The Week of Prayer for Christian Unity has just ended with a flourish, as a large group of Christians worshipped together on Zoom, in a service inspired by the Feast of the Epiphany and prepared by the Churches of the Middle East. For me, there is an interesting symbolism in this celebration of unity being centred on the Magi from the East, in that some strangers from afar who weren’t connected with the Jewish Tradition undertook long journeys to honour an extraordinary happening, God had become incarnate as a tiny baby. This was God being revealed to the wider gentile world – to all.
In thinking about unity, we shouldn’t however confuse unity with uniformity. Uniformity is all thinking the same and agreeing with each other. Unity is accepting and respecting difference in the pursuit of shared values and goals. In many areas, there’s a tendency for church congregations to be rather homogenous, though certainly in the Episcopal Church in the Highlands because there’s less scope for choosing a church to suit your preferences. Whilst homogeneity isn’t all bad, there are dangers in it: that we come to see what we like, what we choose and the way that we do things as ‘normal’, universally applicable and unchangeable for all time – ‘the proper way of doing things’. Sadly that results in folk becoming defensive and upset by anything or anybody that rocks the boat, challenges the ‘proper way’ or pushes us out of our comfort zone.
Our celebration on Tuesday evening brought together many people of different traditions and practices, to honour an extraordinary happening – the coming of God into our world as one of us – and what that has meant for people all over the world in the 2000 years since. It was a service that brought some of the riches of the Coptic Church, the Eastern Orthodox Church, the French Ecumenical Taizé community and invited us to celebrate using elements that were unfamiliar to most of those present – but you know what, we all enjoyed the experience.
We met as people from across the Churches and Denominations in Sutherland and Easter Ross and one or two from further afield. We met as Christians united in a common faith. We met as part of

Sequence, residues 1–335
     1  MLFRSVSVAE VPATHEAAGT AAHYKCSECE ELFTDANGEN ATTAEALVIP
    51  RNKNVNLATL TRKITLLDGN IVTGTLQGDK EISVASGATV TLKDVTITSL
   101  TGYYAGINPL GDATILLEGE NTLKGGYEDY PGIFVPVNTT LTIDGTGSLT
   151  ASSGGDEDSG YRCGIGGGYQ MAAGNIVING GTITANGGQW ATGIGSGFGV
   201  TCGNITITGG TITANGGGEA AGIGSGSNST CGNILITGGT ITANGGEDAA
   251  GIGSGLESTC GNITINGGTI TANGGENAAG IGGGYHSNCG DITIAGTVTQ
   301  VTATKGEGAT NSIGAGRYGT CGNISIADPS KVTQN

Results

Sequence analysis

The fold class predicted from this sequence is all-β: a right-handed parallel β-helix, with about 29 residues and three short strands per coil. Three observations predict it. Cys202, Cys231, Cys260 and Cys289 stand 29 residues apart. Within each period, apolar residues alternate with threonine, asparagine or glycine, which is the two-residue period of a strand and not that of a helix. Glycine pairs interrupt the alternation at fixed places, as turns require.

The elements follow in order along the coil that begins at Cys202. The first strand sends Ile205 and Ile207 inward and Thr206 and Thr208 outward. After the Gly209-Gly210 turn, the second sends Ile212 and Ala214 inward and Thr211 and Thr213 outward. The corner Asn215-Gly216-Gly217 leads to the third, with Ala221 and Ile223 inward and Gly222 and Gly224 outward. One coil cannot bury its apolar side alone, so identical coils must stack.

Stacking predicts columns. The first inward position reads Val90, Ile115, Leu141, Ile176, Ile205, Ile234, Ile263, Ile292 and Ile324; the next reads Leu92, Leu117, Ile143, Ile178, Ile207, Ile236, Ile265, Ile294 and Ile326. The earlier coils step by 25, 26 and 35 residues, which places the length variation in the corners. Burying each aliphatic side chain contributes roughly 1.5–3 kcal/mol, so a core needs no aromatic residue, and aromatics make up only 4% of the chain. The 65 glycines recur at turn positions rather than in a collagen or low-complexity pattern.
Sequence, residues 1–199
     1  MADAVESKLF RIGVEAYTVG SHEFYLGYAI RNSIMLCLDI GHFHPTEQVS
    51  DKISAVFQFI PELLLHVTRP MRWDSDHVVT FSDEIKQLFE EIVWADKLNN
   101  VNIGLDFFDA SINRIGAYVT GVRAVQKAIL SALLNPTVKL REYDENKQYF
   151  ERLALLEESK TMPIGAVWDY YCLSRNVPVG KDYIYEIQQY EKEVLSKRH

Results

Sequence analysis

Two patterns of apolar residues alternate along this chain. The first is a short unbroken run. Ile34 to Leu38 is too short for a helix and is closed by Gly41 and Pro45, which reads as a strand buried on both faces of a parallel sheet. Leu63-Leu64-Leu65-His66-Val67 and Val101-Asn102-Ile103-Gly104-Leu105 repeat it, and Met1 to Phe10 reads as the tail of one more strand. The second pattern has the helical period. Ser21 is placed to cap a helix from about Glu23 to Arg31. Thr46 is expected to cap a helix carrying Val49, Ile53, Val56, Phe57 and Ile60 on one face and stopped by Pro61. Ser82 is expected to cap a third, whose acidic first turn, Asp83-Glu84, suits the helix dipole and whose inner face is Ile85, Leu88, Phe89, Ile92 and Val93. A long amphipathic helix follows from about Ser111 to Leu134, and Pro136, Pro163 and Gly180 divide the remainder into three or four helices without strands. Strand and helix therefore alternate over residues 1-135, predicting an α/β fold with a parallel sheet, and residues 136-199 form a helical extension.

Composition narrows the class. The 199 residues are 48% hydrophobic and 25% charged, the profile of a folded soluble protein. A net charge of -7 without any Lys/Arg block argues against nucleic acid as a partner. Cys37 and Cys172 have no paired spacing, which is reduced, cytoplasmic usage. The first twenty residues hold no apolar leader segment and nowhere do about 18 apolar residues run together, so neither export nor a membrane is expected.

“a great multitude that no one could count, from every nation, from all tribes and peoples and languages, standing before the throne and before the Lamb”.Revelation 7:9
We met “united in the same mind and the same purpose” (1 Corinthians 1:10).
We met because before Jesus died, he prayed to his Father:
“I ask not only on behalf of these, but also on behalf of those who will believe in me through their word, that they may all be one. As you, Father, are in me and I am in you, may they also be in us, so that the world may believe that you have sent me. The glory that you have given me I have given them, so that they may be one, as we are one, I in them and you in me, that they may become completely one, so that the world may know that you have sent me and have loved them even as you have loved me.”John 17:20-23
The Week of Prayer for Christian Unity may have ended on Tuesday, but we need to continue in our effort to work more closely together. In every encounter that I have with Christians in another fellowship, denomination or congregation, I realise what riches each have to share with their fellow travellers in Christ. Now where did I put the link to that 2 hour and 47 minute video of a Greek Orthodox celebration of the Epiphany?